**Important note:** This page does **not** contain information about the *Mathematics and AQR Placement Process* that incoming first-year (and some transfer) students must complete. Instead, this is a page of general information about what course a student might take next in mathematics.**Which mathematics course you should take next** depends, of course, on what your plans are. Are you a math major? science major? stats concentrator? The best way to determine which course to take next is to chat with a mathematics professor about your options. Visit with your current math prof, any other math prof you know and like, or talk to the Chair of the department, Prof. Jill Dietz (in Regents Math, 500). In the meantime, here are some good general guidelines.

- Click here to see a list of majors and concentrations that either require or recommend certain mathematics, statistics, or computer science courses.
- If you only need to take a math course in order to complete the AQR requirement, then consider Math 117 or a Statistics or Computer Science course (again, click here for more info).
- If you have completed Calculus I (Math 120 or equivalent), then take Calculus II (either Math 126 or Math 128) next. Go to the mathematics placement page for more info, though you do not need to complete the survey unless you are an
*incoming*student. - If you have completed Calculus II (Math 126/128 or equivalent), then take Elementary Linear Algebra (Math 220) next.
- If you have completed Linear Algebra (Math 220), then you have several options.
- Multivariable Calculus (Math 226) and Differential Equations I (Math 232) are good options for science and economics majors.
- Probability Theory (Math 262) is good for all sorts of majors, especially if you are considering a Statistics concentration.
- Discrete Mathematics (Math 232, offered every other year) is a fun course that is required for students hoping to become licensed teachers.
- Operations Research (Math 266) is good for students interested in applications of mathematics, especially if you loved linear algebra.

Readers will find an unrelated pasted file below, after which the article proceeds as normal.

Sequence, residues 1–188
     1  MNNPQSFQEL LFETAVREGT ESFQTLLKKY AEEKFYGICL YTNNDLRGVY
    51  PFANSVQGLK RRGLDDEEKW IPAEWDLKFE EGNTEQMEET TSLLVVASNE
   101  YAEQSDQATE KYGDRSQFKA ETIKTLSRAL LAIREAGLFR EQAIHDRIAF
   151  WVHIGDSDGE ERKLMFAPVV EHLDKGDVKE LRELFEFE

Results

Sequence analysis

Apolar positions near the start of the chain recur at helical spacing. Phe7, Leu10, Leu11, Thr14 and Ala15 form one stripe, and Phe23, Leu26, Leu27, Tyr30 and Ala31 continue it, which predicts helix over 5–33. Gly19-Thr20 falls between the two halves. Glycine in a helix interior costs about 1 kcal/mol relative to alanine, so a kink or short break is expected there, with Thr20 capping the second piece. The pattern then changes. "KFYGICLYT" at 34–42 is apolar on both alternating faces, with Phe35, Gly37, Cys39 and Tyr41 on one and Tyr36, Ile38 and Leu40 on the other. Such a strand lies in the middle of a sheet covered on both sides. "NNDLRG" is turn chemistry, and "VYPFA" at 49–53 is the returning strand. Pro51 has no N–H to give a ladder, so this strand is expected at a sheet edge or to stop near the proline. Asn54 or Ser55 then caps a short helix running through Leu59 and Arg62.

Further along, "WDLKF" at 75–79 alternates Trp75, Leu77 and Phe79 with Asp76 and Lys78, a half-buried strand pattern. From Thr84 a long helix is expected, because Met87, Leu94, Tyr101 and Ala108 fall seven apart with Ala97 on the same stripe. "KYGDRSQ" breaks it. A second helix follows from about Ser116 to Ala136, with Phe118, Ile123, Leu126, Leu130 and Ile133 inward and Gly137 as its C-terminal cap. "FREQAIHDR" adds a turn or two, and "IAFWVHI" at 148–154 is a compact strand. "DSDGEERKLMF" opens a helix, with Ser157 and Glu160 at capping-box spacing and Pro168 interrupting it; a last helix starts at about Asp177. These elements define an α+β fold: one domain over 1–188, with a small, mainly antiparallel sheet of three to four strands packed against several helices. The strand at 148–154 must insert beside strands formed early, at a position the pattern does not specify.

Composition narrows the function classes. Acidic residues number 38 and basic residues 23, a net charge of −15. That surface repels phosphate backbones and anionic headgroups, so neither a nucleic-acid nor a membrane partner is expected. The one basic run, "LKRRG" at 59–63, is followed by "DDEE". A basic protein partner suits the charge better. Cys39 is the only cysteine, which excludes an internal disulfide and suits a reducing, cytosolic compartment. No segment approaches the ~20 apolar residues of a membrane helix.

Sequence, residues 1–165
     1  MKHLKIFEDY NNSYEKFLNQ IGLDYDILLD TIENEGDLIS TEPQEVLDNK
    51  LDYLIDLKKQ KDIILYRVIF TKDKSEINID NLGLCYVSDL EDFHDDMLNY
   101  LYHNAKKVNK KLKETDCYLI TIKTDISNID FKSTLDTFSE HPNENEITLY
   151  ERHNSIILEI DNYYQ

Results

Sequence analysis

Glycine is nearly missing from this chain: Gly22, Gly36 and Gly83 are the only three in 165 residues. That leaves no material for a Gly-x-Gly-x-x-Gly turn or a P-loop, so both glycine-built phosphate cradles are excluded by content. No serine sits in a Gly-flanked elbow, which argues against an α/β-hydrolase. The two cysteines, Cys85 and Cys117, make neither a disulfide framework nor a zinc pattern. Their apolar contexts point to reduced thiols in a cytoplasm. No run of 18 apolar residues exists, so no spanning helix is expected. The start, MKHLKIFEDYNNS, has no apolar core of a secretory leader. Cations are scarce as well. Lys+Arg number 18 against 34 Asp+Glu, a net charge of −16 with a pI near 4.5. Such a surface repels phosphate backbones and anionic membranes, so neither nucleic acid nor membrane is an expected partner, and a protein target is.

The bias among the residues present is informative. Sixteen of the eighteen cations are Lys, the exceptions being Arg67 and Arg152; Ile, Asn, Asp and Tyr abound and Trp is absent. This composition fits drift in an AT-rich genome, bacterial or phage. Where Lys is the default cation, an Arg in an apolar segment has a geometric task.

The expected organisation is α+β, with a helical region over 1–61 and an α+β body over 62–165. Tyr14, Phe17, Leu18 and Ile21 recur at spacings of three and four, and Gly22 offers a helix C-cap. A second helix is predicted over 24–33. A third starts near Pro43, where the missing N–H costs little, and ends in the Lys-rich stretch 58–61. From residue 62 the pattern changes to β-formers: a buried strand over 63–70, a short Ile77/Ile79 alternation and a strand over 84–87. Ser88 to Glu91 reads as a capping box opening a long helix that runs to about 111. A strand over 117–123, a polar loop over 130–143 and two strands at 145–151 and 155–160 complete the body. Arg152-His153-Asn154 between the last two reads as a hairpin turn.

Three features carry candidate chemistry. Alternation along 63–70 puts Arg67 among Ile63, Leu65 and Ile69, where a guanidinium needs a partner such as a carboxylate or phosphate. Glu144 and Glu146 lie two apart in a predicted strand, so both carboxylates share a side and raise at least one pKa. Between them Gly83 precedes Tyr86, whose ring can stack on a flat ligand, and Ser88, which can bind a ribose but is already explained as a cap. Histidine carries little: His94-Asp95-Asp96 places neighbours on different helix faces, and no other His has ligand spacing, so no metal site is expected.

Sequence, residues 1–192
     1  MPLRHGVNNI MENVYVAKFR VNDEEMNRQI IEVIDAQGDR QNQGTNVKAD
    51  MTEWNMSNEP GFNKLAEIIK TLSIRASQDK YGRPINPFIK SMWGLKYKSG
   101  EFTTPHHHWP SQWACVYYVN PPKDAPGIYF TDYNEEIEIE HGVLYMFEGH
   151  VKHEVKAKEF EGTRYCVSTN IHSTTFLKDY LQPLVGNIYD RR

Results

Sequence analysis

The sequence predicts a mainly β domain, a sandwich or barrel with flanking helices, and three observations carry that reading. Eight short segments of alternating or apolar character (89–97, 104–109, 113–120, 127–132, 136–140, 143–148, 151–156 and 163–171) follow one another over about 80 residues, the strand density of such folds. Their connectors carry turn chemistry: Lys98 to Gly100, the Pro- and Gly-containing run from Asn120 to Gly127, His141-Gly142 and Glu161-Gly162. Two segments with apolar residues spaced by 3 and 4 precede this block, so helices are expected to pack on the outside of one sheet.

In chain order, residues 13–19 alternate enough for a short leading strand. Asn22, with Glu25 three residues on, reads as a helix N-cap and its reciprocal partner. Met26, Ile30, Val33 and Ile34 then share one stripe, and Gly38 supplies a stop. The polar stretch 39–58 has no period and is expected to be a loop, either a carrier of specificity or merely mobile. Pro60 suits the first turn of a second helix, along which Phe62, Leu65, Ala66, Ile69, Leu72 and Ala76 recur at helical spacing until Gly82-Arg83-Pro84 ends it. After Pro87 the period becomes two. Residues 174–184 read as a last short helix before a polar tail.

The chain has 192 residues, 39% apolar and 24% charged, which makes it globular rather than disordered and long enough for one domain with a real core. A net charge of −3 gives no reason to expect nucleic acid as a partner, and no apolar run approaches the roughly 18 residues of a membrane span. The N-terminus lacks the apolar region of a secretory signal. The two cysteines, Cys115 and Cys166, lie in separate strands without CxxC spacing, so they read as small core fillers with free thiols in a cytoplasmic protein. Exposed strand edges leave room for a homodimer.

- The transition courses of Modern Computational Mathematics (Math 242), Real Analysis I (Math 244), and Abstract Algebra I (Math 252) are also options, but are typically taken after at least one other 200-level elective is taken after Linear Algebra.
- In Modern Computational Mathematics you study mathematical problems from a computational point of view. You will use software such as
*R*and*Mathematica*extensively, though prior knowledge of these programs is not required. - In Real Analysis I you study some familiar topics from calculus (e.g. functions, limits, continuity, sequences) from a theoretical point of view. You will earn a WRI general education credit in this course by writing proofs of theorems.
- In middle school your algebra course dealt with arithmetic, variables, and solving equations. The course Abstract Algebra I deals with all of this stuff too, but in a more abstract setting. Your will learn about algebra as a study of mathematical structures and get a flavor of what modern mathematics is all about. You will also earn a WRI general education credit in this course by writing proofs of theorems.

- In Modern Computational Mathematics you study mathematical problems from a computational point of view. You will use software such as

- If you have completed a 200-level elective in addition to Linear Algebra, then the mathematical world is at your feet! Check in with a math professor to talk about what options are best for you, but you should probably look into taking a transition course (see the info above).

#### Other information

- Course planning guide through 2016 (PDF)
- Concentration in mathematical biology (PDF)
- Individualized mathematics proposal (IMaP) for a math major (PDF)